VIDEO PREMIERE: def.sound “12TH AVE”
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The rose that grew from concrete, the vine grown from the desert: South Central soliloquist def.sound has built a career around lush, buoyant instrumentation and polysyllabic re-imagination of a life anchored in L.A. And what a unique life it’s been. A lifelong vegan born in a food desert, he’s well-versed in contradiction and in the work it takes to water oneself until fully grown. The song—from COLORED Disc 1ne, out July 23—is built around a Vine of Shiloh Dynasty singing and playing guitar, a recent-aughts reference too good to not mention here. (From apps to slaps—damn.) For all the rhapsodic, confessional bars in his oeuvre, this is the strongest return to his roots. The video is literally shot on the block he grew up on, with anchoring, sobering shots of loved ones watching him speak the language they share. Visionary director Araeia Robinson of creative production company Passerine shoots with clarity and emotional and visual depth, the video’s characters placed against backgrounds that reveal their background. Each frame is considered and handsome, a strong complement to Def’s cinematic lyrics. Also If you look closely enough, you might recognize a wide-eyed L.A. RECORD contributor in frame. Says Def:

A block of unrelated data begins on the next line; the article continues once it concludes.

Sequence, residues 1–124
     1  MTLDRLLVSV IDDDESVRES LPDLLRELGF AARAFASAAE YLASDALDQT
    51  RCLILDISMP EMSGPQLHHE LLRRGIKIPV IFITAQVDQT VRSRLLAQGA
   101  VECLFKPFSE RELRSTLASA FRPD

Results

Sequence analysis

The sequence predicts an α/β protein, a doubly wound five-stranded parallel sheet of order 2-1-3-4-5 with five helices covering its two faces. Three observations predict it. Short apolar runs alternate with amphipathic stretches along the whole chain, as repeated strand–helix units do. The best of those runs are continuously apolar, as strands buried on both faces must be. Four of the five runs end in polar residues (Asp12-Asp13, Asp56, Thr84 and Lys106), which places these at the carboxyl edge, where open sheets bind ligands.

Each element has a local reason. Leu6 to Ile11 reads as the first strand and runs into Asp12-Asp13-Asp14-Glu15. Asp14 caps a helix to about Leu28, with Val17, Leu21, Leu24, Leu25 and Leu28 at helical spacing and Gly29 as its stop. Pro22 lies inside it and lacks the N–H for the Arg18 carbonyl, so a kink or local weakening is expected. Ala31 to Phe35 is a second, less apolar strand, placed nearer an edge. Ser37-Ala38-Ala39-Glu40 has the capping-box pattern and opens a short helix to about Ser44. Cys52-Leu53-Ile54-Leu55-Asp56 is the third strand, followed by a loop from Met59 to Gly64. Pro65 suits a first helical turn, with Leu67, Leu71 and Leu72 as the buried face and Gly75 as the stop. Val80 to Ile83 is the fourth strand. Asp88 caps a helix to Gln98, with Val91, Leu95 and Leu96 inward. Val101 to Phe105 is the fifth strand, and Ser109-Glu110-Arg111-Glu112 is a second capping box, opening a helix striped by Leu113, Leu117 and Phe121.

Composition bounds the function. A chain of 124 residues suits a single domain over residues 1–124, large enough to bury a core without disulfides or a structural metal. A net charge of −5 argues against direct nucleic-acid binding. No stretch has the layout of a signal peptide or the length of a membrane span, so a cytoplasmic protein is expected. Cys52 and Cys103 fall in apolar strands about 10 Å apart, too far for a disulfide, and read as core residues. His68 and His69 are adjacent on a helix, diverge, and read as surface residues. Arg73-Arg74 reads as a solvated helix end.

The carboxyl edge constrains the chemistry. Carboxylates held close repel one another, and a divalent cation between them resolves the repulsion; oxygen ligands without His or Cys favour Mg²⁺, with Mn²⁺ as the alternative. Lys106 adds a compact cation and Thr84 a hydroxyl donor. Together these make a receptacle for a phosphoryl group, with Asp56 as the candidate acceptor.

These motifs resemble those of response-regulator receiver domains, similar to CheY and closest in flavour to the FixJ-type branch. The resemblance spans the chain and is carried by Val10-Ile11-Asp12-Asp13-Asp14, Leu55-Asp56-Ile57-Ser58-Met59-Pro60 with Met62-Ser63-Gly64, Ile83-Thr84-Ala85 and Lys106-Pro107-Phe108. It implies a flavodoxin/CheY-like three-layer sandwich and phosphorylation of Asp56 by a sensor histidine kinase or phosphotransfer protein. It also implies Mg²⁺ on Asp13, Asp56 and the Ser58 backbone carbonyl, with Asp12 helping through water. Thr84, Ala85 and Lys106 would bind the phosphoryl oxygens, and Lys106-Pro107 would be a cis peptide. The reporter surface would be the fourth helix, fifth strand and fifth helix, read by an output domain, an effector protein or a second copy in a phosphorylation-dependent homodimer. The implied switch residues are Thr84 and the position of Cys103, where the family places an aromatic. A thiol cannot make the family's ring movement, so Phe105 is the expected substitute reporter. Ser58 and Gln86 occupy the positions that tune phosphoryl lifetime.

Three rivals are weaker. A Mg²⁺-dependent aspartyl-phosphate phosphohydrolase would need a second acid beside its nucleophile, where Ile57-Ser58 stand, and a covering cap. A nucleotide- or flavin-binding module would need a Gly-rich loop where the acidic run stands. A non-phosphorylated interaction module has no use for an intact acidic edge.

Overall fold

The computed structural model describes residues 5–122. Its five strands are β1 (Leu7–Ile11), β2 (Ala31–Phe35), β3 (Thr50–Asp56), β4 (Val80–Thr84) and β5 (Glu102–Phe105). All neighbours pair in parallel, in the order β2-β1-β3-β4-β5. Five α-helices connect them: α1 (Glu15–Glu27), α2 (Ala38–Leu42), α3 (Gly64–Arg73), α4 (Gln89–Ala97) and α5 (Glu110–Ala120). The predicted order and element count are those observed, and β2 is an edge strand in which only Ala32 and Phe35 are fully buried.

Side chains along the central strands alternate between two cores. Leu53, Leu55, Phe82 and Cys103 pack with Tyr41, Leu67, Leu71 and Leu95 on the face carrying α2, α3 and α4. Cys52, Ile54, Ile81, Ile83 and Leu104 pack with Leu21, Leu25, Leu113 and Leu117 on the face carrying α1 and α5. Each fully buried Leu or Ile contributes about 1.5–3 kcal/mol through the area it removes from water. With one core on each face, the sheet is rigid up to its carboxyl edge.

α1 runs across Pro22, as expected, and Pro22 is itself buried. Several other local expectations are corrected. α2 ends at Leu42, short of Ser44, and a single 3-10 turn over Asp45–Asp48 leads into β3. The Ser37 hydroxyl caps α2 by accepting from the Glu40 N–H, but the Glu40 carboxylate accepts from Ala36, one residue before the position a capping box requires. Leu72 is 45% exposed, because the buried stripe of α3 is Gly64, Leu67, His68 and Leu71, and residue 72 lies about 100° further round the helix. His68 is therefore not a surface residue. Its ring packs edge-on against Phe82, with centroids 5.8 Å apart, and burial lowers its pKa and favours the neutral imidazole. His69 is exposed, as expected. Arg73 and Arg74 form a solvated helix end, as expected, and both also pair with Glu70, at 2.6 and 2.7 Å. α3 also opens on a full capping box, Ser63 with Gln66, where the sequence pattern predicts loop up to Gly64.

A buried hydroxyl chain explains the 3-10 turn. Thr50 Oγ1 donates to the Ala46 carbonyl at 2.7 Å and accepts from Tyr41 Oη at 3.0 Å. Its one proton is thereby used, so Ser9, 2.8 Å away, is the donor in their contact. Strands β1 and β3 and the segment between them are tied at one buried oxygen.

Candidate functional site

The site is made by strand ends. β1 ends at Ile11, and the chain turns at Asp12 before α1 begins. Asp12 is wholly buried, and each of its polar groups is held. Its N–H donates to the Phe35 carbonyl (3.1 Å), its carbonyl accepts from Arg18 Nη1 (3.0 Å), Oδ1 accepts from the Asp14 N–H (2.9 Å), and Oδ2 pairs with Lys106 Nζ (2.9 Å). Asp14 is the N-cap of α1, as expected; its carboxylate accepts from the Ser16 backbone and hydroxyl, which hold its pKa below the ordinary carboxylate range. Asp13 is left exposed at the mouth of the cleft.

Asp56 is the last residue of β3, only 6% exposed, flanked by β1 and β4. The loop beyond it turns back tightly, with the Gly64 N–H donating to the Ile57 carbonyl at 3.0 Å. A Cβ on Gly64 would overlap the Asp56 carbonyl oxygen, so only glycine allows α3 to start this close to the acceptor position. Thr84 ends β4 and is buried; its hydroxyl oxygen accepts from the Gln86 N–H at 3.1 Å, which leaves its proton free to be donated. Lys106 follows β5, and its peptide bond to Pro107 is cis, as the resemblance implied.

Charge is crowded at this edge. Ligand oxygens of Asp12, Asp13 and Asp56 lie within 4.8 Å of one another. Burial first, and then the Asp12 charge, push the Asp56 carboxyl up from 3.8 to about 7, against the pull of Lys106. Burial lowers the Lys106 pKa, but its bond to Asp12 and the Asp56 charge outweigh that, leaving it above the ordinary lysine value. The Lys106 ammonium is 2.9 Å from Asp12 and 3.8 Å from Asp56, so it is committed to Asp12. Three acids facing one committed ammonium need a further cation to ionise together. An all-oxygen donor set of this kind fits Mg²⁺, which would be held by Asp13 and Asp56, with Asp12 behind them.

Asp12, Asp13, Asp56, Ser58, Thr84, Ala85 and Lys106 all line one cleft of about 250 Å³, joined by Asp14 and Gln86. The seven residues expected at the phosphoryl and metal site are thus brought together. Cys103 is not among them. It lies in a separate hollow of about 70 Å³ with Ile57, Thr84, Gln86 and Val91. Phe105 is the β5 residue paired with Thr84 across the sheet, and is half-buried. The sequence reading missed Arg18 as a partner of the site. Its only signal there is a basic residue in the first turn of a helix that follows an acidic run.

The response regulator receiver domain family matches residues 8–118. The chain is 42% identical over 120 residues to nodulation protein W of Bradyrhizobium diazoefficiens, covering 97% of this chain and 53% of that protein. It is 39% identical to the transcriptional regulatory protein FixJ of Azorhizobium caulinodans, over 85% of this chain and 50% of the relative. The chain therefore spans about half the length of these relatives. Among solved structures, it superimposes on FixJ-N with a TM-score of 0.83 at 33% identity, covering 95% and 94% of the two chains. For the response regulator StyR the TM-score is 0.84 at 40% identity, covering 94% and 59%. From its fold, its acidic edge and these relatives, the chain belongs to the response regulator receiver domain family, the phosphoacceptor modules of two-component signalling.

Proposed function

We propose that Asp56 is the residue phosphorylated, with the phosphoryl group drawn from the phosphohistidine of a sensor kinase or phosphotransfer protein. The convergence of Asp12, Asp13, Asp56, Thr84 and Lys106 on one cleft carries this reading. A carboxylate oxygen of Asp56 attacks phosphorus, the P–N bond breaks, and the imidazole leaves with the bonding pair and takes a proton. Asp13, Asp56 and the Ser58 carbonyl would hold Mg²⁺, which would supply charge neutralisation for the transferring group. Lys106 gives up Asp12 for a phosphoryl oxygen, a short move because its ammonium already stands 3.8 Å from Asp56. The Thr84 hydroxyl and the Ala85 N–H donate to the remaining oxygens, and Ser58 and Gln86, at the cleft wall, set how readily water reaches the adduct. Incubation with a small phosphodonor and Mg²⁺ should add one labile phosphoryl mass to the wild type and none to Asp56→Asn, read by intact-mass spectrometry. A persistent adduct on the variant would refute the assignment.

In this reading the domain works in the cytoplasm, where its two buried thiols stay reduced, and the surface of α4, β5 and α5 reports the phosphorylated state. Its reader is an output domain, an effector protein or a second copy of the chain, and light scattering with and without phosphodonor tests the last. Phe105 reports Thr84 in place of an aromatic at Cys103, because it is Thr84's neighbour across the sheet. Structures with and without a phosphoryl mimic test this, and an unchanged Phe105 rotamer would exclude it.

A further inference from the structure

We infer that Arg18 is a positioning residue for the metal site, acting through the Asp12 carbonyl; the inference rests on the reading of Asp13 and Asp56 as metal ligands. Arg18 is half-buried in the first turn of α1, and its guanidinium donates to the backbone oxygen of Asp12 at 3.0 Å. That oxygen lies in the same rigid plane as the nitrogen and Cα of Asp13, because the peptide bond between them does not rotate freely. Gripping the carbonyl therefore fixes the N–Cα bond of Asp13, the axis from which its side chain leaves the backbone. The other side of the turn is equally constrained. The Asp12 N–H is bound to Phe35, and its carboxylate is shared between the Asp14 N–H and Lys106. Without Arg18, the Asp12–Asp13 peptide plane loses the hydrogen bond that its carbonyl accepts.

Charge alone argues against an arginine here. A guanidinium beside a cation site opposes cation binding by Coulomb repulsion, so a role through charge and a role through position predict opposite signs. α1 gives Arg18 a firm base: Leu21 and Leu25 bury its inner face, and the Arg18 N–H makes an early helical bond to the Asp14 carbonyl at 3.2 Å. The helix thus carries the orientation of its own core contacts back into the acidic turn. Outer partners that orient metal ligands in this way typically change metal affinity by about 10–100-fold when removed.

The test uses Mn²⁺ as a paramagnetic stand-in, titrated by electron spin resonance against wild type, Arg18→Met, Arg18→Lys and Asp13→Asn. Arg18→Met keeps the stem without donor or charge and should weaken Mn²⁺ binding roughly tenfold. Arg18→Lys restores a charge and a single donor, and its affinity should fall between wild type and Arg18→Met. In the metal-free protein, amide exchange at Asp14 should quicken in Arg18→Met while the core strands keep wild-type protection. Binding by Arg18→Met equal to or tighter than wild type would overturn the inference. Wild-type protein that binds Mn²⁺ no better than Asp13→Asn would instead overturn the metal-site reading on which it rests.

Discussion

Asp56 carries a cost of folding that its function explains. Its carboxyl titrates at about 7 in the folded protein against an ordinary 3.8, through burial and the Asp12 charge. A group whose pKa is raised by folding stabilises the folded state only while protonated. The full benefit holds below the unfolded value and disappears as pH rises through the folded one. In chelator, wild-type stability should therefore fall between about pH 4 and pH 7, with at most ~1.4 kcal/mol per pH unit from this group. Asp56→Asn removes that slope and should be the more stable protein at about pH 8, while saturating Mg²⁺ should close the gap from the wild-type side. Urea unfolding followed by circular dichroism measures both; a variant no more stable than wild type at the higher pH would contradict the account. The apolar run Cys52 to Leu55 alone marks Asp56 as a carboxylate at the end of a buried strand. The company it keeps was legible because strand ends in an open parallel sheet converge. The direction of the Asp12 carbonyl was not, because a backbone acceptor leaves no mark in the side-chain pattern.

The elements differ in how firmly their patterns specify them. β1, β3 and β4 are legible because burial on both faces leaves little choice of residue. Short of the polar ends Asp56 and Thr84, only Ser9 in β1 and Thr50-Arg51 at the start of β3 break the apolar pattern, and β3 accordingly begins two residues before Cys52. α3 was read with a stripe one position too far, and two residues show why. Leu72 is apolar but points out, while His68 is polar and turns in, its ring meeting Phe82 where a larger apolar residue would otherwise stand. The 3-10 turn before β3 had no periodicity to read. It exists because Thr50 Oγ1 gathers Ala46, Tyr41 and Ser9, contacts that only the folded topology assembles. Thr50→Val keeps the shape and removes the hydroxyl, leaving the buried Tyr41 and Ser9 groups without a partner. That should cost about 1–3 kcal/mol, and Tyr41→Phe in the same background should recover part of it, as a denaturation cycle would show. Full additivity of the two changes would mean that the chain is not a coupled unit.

“Growing up Seventh Day Adventist in South Central Los Angeles in a food desert in a plant-based family in the 90s … is pretty rare. This was one of the first songs where I decided to own my story in its totality. Because I’m constantly in a state of shifting, unraveling, and becoming, 12th Ave & Jefferson is a record that took my whole life to make. It’s the first time I discussed dodging stray bullets and surviving a drive-by at 9 years old on a song—a trauma I blocked out of my memory. As a people we are boiled down to cliches, devalued by a structural racial calculus and political arithmetic we had nothing to do with setting up. The sample loop used in the song is from a VINE—remember VINE?—my homie Colin found of Shiloh Dynasty singing and playing guitar. It felt like the perfect canvas for a confessional. At times we forget how valuable our stories are and that just the act itself of telling of them is revolutionary. It’s important people know the spectrum of artists and people South Central can and does produce. I hope people see themselves in my story. The truth is the most powerful thing I can share as an artist.”